Obesity During Pregnancy May Lead Directly to Fetal Overgrowth
Obesity during pregnancy—independent of its health consequences such as diabetes—may account for the higher risk of giving birth to an atypically large infant, according to researchers at NIH. Their study appears in JAMA Pediatrics.
“Our results underscore the importance of attaining a healthy body weight before pregnancy,” said the study’s lead author Dr. Cuilin Zhang, a researcher in NICHD’s Division of Intramural Population Health Research. “They also suggest that clinicians should carefully monitor the pregnancies of all obese women, regardless of whether or not they have obesity-related health conditions.”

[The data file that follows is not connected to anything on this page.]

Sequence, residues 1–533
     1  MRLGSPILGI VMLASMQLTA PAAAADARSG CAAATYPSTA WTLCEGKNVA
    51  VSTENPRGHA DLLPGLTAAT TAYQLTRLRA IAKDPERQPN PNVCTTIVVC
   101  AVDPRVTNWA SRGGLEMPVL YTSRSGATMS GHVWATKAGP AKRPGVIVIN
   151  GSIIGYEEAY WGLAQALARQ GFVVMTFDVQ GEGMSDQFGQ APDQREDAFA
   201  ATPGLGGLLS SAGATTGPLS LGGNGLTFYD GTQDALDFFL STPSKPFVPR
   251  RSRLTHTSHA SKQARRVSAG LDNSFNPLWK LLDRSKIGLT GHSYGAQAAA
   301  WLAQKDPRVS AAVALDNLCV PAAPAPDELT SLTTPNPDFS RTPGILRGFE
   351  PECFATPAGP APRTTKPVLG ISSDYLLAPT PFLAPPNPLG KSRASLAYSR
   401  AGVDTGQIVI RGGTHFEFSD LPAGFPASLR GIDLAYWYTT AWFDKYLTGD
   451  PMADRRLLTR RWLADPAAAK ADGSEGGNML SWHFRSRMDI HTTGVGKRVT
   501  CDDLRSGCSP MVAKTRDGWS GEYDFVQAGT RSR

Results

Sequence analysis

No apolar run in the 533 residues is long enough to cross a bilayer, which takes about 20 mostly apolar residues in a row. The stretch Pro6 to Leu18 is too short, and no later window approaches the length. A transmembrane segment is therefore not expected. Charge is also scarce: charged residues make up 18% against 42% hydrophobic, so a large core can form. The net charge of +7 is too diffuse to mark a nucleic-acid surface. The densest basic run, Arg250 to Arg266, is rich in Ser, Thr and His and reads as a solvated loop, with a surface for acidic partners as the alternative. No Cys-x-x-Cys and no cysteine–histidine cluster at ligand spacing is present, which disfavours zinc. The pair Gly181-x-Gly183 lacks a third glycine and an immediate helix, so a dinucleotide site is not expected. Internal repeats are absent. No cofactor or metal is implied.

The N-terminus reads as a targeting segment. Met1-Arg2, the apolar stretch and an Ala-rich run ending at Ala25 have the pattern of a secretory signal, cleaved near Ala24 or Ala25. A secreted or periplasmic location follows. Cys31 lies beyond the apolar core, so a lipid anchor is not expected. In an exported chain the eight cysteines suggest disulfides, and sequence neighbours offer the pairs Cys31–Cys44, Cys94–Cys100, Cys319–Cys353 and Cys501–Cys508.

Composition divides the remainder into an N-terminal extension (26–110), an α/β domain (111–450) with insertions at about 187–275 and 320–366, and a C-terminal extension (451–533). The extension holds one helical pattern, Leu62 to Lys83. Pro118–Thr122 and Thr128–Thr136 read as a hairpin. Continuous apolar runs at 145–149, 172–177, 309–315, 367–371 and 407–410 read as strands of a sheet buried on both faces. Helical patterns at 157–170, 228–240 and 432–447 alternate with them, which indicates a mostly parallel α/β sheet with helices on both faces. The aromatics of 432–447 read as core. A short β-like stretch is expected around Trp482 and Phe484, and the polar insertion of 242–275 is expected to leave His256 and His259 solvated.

Macrosomia—large body size at birth—is common among children born to obese women, particularly those who have gestational diabetes (high blood sugar during pregnancy). Macrosomia increases the risk that an infant will experience bone fracture during delivery. It also increases the likelihood that the infant will need to be delivered by cesarean section.
Having a large infant also increases a mother’s risk for postpartum hemorrhage, or excessive bleeding at birth.
The authors pointed out that earlier studies have indicated that the higher risk of overgrowth seen in newborns of obese women may predispose these infants to obesity and cardiovascular disease later in life. They called for additional studies to follow the children born to obese women to determine what health issues they may face.